Posts Tagged Bovine Spongiform Encepholopathy
by: Elizabeth Renter
July 4, 2012
It’s illegal to feed cows food containing beef products. That doesn’t only seem common sense, doing otherwise almost seems inherently evil. It’s not moral grounds on which the law was written, but in an effort to control the spread of “Mad Cow Disease”, also known as Bovine Spongiform Encepholopathy (BSE).
Mad Cow Disease can be spread to humans (where it is called Cruetzfeldt-Jakob Disease) and lead to dementia and death. Just a few months ago, in April 2012, a cow at a rendering plant in California was found to have the disease. Because the mass-producing meat industry is all about getting Americans the most meat for the cheapest price, today’s cows might still be eating their cousins in a form of feed called “chicken litter”.
According to Mercola, chicken litter is a “rendered down mix of chicken manure, dead chickens, features, and spilled feed.” So, where’s the beef? Well chicken feed contains beef and bone meal. And this feed makes up about 33% of chicken litter. Because chicken litter is cheap—cattle producers love it.
By: Dr. Mercola
June 30, 2012
Mad Cow Disease (the common term for Bovine Spongiform Encepholopathy (BSE) made headlines once again in April 2012, when a dairy cow at a rendering facility in California was found to have the disease.
BSE, a progressive neurological disorder of cattle that can be transmitted to other species, including humans (in people it’s called Cruetzfeldt-Jakob Disease) is a devastating condition that typically leads to progressive dementia and death, often within a year of the onset of symptoms.
One of the primary ways Mad Cow Disease is transmitted is when cows are fed bone meal and waste products from other cattle infected with the disease.
As a result, it’s now illegal to feed beef-based products to cows … but the beef industry has found ways to circumvent this rule by using a feed product known as “chicken litter.”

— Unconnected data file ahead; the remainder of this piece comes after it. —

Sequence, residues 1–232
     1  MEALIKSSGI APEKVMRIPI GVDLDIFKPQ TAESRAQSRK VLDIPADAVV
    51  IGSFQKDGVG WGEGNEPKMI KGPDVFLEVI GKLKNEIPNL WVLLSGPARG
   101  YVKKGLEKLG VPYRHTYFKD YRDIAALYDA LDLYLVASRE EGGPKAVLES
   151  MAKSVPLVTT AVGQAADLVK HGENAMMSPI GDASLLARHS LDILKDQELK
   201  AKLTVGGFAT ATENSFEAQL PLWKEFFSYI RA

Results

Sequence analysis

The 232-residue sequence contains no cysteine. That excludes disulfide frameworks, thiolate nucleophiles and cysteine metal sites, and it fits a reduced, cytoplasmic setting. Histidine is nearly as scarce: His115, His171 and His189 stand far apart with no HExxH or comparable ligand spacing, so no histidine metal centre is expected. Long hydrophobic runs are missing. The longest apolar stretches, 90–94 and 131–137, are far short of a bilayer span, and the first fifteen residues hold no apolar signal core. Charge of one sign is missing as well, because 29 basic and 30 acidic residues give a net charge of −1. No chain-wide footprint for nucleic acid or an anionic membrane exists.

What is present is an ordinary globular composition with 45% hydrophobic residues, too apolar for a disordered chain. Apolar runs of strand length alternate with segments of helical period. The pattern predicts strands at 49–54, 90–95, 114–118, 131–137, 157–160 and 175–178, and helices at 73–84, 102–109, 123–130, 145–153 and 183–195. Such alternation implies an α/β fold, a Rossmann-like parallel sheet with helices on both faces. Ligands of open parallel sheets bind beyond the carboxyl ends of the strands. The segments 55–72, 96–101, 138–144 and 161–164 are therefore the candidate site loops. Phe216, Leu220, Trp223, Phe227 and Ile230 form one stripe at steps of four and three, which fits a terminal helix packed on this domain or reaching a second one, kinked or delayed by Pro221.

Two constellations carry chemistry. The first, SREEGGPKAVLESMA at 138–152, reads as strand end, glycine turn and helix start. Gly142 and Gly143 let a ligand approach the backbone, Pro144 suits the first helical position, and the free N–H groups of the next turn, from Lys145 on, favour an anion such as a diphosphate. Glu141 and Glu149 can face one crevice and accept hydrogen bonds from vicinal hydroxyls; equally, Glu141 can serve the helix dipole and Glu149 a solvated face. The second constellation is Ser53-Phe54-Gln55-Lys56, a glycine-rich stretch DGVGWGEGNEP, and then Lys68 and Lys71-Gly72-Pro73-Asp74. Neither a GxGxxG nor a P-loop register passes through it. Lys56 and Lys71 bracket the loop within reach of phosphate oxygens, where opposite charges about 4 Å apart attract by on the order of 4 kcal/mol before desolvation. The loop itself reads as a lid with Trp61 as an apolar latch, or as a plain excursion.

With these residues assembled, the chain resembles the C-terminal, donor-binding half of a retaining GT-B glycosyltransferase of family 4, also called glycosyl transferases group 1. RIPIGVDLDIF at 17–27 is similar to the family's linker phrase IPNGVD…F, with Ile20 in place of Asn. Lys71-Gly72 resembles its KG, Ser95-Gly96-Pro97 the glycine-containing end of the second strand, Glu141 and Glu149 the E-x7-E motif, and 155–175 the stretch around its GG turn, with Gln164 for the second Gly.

Cows Fed “Chicken Litter” May be Indirectly Eating Parts From Cows
Chicken litter, a rendered down mix of chicken manure, dead chickens, feathers and spilled feed, is marketed as a cheap feed product for cows. The beef industry likes it because it’s cheaper than even corn and soy, so an estimated 2 BILLION pounds are purchased each year; yes, this is a very serious amount of this product being fed to animals.
As if the idea of your burger being the product of manure and feathers isn’t unsettling enough, about one-third of the chicken litter concoction is spilled feed, which includes cow meat and bone meal often used to feed chickens but which is supposed to be off limits for cows.
However, any cow that eats chicken litter may also be consuming various beef products intended for chickens – the very same feed products that spurred the Mad Cow Disease outbreak in the first place! And it’s not only the spilled feed that’s the problem; the infectious agent can also be passed through the chicken manure as well.
“The primary animal-health protective measure [against Mad Cow Disease] is a feed ban. In 1997, the FDA implemented regulations that prohibit the feeding of most mammalian proteins to ruminants, including cattle. This feed ban is the most important measure to prevent the transmission of the disease to cattle. The feed ban was strengthened in 2008, by additional prohibitions on those tissues that have the highest risk of transmitting BSE. These additions to the feed ban prohibit the use of brain and spinal cord from cattle 30 months of age and older for use in any animal feed.”